Jaan Liitmäe
May 22, 2019 rated it it was ok
Very light on earlier periods and heavy on post WWII times. So-so...
Luke Echo
Feb 03, 2019 rated it really liked it
Good introductory text on the long-stretch of 'German' history.
Jun 30, 2019 rated it really liked it  ·  review of another edition
A well-presented short account of a massive amount of history.
Jun 24, 2019 rated it it was ok
I suppose this book is okay but it told me very little I didn't already know and spent the bulk of it's time on 20th century Germany. It's not a bad book, but it's not very good either.
Dec 29, 2019 rated it liked it
It's certainly concise. I picked this one up after a trip to Germany where I realized I was seeing several historical monuments that referenced events that I had literally zero context for. While I wouldn't say I'm an expert after reading this, I at least better understand why there are so many random castles.
Michael Dorais
For a book I came across at the downtown library, this was worth the reading. I'm planning a trip to Germany with my mom where her ancestors came to the Midwest in the great migrations of the late 1800's. I wanted to learn about the history of Germany. Germany was usually a sideline of the history I was familiar with, except for the more well-known (and often infamous) cases of WW I, Hitler, the Nazis, WW II, the the Holocaust, divided Germany, and the fall of the Berlin wall. This book gave a ...more
Tyler Goble
Sep 04, 2015 rated it really liked it
Shelves: history
I only had to read the first 154 pages of this book for my German History class and to be honest, I would give it 3 stars or lower if it was so well-researched. The prose for most of this book is very slow and even verges on dismal at times. I realize that German history, especially early German history, is very complicated but this book doesn't nothing to strip all of it down to where you can digest the material. Instead you have page-long paragraphs with so much detail that you often turn the ...more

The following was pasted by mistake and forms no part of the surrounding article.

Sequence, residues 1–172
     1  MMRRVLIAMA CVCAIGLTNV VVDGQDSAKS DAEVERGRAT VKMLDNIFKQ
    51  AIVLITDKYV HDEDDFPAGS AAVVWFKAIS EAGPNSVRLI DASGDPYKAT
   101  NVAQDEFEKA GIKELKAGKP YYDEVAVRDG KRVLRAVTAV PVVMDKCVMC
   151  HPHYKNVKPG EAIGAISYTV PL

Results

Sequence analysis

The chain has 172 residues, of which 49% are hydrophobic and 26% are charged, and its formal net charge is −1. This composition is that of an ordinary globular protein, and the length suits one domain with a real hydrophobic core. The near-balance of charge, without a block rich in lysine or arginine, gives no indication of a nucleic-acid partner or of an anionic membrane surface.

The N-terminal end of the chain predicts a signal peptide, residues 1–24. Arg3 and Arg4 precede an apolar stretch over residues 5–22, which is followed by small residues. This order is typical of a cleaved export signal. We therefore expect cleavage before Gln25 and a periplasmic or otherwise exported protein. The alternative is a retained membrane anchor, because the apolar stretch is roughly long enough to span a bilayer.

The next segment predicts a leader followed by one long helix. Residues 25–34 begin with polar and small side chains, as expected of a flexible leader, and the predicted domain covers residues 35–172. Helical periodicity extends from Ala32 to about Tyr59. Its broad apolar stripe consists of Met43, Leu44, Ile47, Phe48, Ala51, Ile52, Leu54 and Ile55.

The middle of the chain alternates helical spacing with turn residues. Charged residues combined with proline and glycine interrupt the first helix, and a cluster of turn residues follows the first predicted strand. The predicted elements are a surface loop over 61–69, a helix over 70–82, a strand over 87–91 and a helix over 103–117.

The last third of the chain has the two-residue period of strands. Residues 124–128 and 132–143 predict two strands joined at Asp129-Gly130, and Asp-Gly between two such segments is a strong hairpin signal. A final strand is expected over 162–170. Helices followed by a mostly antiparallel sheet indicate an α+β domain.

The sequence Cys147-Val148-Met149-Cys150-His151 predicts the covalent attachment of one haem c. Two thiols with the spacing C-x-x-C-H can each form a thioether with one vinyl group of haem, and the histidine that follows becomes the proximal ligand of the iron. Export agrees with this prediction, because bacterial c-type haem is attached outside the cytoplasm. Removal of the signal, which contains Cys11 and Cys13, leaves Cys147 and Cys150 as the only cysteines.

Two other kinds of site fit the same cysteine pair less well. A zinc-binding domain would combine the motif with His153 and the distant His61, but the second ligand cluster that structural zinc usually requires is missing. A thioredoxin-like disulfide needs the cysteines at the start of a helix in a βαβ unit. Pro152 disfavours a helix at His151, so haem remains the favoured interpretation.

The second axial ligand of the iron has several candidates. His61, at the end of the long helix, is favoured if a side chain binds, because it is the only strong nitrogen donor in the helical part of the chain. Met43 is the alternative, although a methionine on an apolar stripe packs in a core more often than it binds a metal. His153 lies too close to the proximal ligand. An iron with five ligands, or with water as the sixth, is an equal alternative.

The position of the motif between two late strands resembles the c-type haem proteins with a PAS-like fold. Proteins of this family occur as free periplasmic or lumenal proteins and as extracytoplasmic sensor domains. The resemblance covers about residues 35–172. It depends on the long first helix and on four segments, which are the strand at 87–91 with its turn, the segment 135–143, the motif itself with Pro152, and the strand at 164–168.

Sarah -  All The Book Blog Names Are Taken
I was very disappointed in this book. Given the fact that I'm about 75% German, I know my fair share of 'modern history' so to speak; in middle and high school I devoured every book about WWII and the Holocaust that I could and would consider myself an expert in that area. But now when I wanted to learn more about medieval Germany, this book gave me a paltry 13 pages. Definitely not enough, considering how much was devoted to 1900-onward. If, like me, the medieval period in Germany is what ...more
Jan 19, 2014 rated it it was amazing
Shelves: research, favorites
The book definitely lives up to its name: Everything is summed up concisely chapter by chapter about the history of Germany and its people since the dark ages through 1990s. Perhaps the most excellent part about this book is that it does not dwell too long on "popular history" and instead takes a lot of interesting paths and explores a lot of different views on historical events; all this while remaining professionally unbiased.
Arjun Mishra
Jan 05, 2011 rated it it was amazing
Shelves: history
Informative, concise, and riveting. My caveat is that the section on the GDR is very biased as a result of Fulbrook's belief that everyday life in East Germany was normal. I disagree and that bias permeates the section.
Feb 10, 2010 rated it it was ok
This is a concise history of Germany, & the operative word is "concise" - so concise that if you don't already know the material, you probably won't get it from this book. I did understand the 30 Years' War better after reading about it here.
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Mary Jean Alexandra Fulbrook (née Wilson) is a British academic, historian and author. Since 1995, she has been Professor of German History at University College London. She is a noted researcher in a wide range of fields, including religion and society in early modern Europe, the German dictatorships of the twentieth century, Europe after the Holocaust, and historiography and social theory.